What do Insulin, CCK, and Leptin act on? What is the result?
-STIMULATE POMC/CART neurons to decrease food intake
-INHIBIT AGRP/NPY
What hormone ACTIVATES AGRP/NPY neurons? result?
Ghrelin - stimulates food intake
What would an MC4 agonist do?
Stimulate the a-MSH receptor in the PVN and inhibit food intake
What would happen if you invented an MC4 agonist?
You'd be rich and could live for ever in Tahiti bc you'd have cured obesity
So the peripheral hormones that control hypothalamic hunger and satiety centers are:
-Ghrelin
-Leptin
-Insulin
-CCK
The 2 things controlled by the PVN are:
-Hunger
-Energy expenditure
What is going on in an obese person?
Their abnormally high leptin levels are failing to decrease hunger appropriately, and they are failing to increase energy expenditure.
So what are the 2 problems in obese people due to leptin resistance?
-Failure to stop eating
-Decreased basal metabolic rate
What is the cure for Type II Diabetes and Obesity?
Diet and exercise
What is obesity?
A nationwide epidemic that is becoming worse in underdeveloped countries too
What happened between 1971 and 1976?
-Mcdonalds opened
-Cars and TVs proliferated
-Child obesity skyrocketed
How do we cure obesity now?
By stomach stapling - bariatric surgery
How do you do Bariatric surgery?
By detaching the jejunum from the duodenum and reattaching it to the top of the stomach.
Why do you need to retain a little stomach during bariatric surgery?
To still get intrinsic factor which is made in the stomach.
How does stomach stapling help with weight loss?
Because the stomach is so small, it's almost always full, so Ghrelin is always low.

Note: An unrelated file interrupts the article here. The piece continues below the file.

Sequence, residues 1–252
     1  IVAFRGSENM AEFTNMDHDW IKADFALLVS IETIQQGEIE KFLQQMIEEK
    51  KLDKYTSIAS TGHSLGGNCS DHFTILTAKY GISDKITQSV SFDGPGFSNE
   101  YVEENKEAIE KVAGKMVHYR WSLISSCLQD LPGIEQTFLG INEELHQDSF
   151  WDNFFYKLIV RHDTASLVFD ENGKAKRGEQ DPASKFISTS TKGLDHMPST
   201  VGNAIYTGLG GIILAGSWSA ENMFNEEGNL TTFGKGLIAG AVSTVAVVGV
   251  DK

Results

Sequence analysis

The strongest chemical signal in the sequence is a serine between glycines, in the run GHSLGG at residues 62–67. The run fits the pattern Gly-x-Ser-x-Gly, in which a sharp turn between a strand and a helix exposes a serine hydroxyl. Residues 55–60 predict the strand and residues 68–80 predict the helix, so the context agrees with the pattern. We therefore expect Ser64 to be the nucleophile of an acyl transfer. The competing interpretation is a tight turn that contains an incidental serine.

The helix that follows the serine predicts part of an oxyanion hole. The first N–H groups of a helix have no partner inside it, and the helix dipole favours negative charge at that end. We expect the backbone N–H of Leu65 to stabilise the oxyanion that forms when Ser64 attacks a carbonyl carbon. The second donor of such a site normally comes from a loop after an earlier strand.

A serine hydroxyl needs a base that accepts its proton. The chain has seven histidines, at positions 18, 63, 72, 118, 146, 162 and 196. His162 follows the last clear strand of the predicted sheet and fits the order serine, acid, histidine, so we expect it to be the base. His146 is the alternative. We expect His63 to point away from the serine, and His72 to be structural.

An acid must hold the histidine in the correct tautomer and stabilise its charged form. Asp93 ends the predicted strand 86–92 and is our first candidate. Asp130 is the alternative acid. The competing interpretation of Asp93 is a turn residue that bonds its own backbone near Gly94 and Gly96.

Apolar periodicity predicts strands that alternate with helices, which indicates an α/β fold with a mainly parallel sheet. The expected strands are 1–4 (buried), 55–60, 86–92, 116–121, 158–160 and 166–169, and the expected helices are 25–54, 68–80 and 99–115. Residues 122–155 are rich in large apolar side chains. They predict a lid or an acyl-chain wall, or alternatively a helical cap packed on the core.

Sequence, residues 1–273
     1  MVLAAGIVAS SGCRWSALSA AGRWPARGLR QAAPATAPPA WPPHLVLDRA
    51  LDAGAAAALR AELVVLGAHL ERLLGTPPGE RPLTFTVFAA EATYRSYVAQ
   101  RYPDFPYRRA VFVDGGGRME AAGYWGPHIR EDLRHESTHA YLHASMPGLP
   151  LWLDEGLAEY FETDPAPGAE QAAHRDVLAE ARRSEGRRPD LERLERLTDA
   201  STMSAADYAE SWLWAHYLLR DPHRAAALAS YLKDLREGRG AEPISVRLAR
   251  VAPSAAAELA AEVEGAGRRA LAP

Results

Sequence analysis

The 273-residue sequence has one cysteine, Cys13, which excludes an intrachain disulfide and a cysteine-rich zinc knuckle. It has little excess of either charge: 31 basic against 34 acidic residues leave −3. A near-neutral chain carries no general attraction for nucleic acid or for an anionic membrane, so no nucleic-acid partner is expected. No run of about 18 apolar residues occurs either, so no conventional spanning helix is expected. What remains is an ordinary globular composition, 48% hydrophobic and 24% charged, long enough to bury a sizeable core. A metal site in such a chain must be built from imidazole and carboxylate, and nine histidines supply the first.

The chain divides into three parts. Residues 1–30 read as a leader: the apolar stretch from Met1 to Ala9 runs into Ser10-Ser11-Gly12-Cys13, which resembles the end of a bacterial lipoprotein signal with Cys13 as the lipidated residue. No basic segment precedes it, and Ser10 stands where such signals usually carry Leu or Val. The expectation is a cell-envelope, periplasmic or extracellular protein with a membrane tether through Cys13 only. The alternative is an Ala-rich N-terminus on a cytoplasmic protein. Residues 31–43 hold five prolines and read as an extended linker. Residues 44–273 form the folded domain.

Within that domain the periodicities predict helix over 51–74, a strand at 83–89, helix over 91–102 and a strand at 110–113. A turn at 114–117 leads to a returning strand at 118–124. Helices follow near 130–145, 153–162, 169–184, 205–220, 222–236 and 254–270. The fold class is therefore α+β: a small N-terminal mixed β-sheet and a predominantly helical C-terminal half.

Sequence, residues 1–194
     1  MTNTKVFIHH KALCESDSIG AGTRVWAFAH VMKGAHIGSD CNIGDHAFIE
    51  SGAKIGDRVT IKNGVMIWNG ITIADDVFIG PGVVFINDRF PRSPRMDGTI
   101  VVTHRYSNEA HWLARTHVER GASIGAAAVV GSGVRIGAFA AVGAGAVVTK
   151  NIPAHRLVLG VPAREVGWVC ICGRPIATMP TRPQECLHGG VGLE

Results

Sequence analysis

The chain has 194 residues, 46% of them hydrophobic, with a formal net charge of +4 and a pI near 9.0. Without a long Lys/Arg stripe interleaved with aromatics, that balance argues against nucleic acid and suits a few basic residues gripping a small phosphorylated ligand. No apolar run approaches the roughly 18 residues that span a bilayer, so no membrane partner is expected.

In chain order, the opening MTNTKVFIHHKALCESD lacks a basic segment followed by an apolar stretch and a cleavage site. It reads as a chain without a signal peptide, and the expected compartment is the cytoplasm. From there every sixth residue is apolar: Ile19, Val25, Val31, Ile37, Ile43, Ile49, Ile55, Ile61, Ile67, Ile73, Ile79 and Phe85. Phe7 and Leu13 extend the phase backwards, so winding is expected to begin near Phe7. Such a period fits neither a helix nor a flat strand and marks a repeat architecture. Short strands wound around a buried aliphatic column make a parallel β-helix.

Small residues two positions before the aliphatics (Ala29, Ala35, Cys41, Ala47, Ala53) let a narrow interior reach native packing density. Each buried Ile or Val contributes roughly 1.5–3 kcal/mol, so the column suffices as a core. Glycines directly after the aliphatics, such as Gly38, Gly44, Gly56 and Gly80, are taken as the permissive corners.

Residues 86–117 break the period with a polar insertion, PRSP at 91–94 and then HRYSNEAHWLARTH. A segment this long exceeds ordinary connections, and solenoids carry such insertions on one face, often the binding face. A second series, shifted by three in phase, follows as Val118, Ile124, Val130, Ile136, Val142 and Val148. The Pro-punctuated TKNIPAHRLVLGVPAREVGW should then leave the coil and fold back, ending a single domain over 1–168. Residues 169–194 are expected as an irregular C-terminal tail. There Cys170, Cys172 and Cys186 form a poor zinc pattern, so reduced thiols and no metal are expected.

How does the WHO define Metabolic Syndrome?
-Insulin resistance + 2:
Hypertension
Dislipidemia
Obesity
Microalbuminuria
How is insulin resistance diagnosed?
By measuring fasting blood sugar, which is elevated but not high enough to meet the diagnostic criteria for DMII
What is visceral obesity?
Belly fat
Why is microalbuminuria bad?
Because normally the glomerulus filters NO protein; small amounts of albumin indicate a decrease in renal function.
What are 2 broad categories of causes of metabolic syndrome?
1. Environmental factors
2. Genetic factors
What is the Thrifty gene?
The gene that makes the body hold onto calories in case it's your last meal.
What are 3 Environmental factors that contribute to metabolic syndrome?
1. Sedentary lifestyle
2. Food intake/type
3. Early life programming
What are examples of early life programming?
-Birth weight
-Stress in the postnatal period
-Stress after the postnatal period
What is the definition of Insulin Resistance?
An inability to increase glucose uptake by cells for the same amount of insulin.
What results from Insulin resistance?
Hyperinsulinemia
Why is it so bad when people are obese?
Because instead of staying where it belongs in adipocytes, the fat becomes deposited in spaces within the liver, muscles, and beta cells of the islets.
What happens when fat gets deposited in the islets?
It decreases their output of insulin
What is Lipodystrophy?
Low birth weight
What is the adverse effect of lipodystrophy?
There is a reduced capacity to store fat, so it gets deposited in ectopic places as in obesity.
How can you tell apart obesity vs lipodystrophy?
Lipodystrophy has a below normal total amount of fat; obesity obviously has above normal.
What are babies with lipodystrophy programmed to get?
Metabolic syndrome
What distinguishes adults with diabetes due to lipodystrophy from obese diabetics?
They are lean
What is lipotoxicity?
The ectopic fat deposition in the liver, muscle, and islet beta cells
Why do we say that patients with metabolic syndrome have a "Relative Insulinopenia"?
Because they actually have increased insulin levels, but they are below the level needed to function adequetely.
What are 4 major longterm repercussions of metabolic syndrome?
1. Glucose intolerance
2. Dyslipidemia
3. Hypertension
4. Thrombosis
What is the major adverse effect that results from the 4 chronic repercussions?
Vascular/Heart disease
What is the only way to deal with metabolic syndrome?
Behavioral changes